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Florida school districts big money on ransomware | #hacking | #cybersecurity | #infosec | #comptia | #pentest | #ransomware


A Florida Auditor General survey of 38 school districts found that 22 districts bought cyber insurance this school year at an average cost of $47,284.

TAMPA, Fla — Florida school districts are spending hundreds of thousands of dollars on insurance for cyber security threats, like data breaches and ransomware attacks. 

new report from the U.S. Government Accountability Office found the loss of learning following a cyberattack at K-12 schools ranged from three days to three weeks, recovery time could take anywhere from two to nine months, and districts’ losses have ranged from $50,000 to $1 million. 

Florida school districts are paying big money to protect themselves. 

Florida Auditor General survey of 38 school districts found that 22 districts bought cyber insurance this school year at an average cost of $47,284.  

Twelve districts bought ransomware insurance this school year at an average cost of $17,751.

One district reported a claim in the amount of $637,000. 

“That’s a big allocation of budgets that are not going to students — that are having to go toward, basically, a catastrophic failure in cyber security, and/or in due diligence, or in having the best practices in place, which, in a lot of cases can be prevented up-front,” said Matt Aubin, a cyber intelligence specialist at Southern Recon Agency.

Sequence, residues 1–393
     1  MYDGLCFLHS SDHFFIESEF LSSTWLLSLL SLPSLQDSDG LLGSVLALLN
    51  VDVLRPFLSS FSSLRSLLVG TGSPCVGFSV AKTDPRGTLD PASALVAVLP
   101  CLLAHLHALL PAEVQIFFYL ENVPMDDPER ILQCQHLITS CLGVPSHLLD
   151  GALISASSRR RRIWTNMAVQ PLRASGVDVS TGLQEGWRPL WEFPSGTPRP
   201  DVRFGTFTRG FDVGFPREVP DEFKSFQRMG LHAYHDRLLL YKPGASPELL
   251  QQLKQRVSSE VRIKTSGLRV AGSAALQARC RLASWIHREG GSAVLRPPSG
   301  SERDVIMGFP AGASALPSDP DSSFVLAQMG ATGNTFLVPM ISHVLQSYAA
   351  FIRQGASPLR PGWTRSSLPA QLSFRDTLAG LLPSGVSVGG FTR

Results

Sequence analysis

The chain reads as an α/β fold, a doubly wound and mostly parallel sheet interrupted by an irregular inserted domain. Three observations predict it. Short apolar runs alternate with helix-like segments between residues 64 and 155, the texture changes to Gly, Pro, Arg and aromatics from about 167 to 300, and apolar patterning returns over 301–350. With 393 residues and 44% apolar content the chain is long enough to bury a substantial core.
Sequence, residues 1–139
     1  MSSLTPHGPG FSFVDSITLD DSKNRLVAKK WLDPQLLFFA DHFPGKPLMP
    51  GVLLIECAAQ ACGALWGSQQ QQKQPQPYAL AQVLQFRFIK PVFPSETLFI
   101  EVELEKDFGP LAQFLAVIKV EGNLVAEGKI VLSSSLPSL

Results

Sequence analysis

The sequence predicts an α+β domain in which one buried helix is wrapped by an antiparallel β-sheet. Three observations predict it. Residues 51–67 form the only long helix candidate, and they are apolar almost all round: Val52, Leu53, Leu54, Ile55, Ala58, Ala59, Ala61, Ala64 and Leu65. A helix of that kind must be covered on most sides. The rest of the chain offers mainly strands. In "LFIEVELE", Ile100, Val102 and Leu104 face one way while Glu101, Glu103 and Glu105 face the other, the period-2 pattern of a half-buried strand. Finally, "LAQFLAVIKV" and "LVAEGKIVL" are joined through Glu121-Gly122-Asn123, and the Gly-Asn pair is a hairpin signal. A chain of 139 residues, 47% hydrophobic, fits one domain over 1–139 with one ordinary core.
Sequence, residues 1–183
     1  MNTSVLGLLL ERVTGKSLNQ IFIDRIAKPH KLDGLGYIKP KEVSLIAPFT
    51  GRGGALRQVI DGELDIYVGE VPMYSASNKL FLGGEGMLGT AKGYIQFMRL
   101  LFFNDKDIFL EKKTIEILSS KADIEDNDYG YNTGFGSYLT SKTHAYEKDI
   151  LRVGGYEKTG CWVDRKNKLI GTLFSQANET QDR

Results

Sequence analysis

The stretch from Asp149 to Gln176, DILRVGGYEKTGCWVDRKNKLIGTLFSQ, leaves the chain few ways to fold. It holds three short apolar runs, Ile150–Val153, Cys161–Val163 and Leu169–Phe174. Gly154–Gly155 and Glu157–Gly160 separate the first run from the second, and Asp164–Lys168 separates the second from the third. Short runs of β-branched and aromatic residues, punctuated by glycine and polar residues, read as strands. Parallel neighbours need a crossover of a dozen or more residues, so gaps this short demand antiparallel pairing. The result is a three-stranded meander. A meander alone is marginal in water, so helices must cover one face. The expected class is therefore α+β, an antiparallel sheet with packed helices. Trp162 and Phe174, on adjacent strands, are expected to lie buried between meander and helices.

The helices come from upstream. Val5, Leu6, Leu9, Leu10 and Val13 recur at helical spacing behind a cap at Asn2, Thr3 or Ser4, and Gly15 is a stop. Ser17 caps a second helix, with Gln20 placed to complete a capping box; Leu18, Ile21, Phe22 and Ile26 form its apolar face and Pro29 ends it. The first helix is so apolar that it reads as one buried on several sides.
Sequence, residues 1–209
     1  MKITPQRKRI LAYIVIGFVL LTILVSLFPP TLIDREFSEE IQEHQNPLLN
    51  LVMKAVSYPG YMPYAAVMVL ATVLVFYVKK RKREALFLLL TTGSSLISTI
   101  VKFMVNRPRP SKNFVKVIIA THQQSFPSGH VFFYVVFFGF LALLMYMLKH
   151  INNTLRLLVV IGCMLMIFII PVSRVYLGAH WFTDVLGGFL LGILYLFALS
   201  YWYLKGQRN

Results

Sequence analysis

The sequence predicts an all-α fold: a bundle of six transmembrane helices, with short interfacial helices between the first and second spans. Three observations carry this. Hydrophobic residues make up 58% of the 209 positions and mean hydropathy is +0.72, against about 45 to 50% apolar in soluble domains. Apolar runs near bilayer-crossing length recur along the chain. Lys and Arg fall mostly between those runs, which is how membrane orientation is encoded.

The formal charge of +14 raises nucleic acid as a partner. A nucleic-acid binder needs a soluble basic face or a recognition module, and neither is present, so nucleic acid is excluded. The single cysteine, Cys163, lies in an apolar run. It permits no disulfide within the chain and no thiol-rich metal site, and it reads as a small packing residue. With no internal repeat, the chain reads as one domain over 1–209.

Cyberattacks can lead to students’ and school employees’ personal info getting leaked and stolen. We’re talking about social security numbers, grades and even bullying reports. 

So, what makes school districts an appealing target for ransomware or cyberattacks?  

“In the criminal mindset, from what I’ve understood in working thousands of cybercrimes, what we have seen is a lot of cyber criminals believe that any sort of government entity always has the ‘parents,’ the ‘rich parents’ that they can always go to. The city can go to the county, the county can go to the state, the state can go federal,” said Aubin. 

A U.S. Government Accountability Office analysis of a Comparitech study found more than two million students have been affected by K-12 school ransomware attacks since 2018. 

Since insurance protects the school districts’ finances, not the students’ and employees’ personal info, Aubin says districts’ best bet is to try to prevent the attacks from happening in the first place. 

“A lot of it just really comes down to making themselves a hard target by understanding how the adversaries work, and what the best practices are, and how to implement them into how that district itself runs,” said Aubin. 

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